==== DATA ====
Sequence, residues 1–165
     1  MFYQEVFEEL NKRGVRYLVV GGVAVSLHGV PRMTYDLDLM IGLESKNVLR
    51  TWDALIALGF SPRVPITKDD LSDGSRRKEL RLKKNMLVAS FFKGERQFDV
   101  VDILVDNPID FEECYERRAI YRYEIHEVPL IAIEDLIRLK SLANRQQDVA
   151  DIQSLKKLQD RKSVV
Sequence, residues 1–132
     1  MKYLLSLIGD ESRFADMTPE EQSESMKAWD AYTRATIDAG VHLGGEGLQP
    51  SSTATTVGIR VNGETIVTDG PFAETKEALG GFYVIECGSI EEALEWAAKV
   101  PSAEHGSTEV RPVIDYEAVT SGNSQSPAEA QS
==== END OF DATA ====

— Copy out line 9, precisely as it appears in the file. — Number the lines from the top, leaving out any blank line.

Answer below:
   101  PSAEHGSTEV RPVIDYEAVT SGNSQSPAEA QS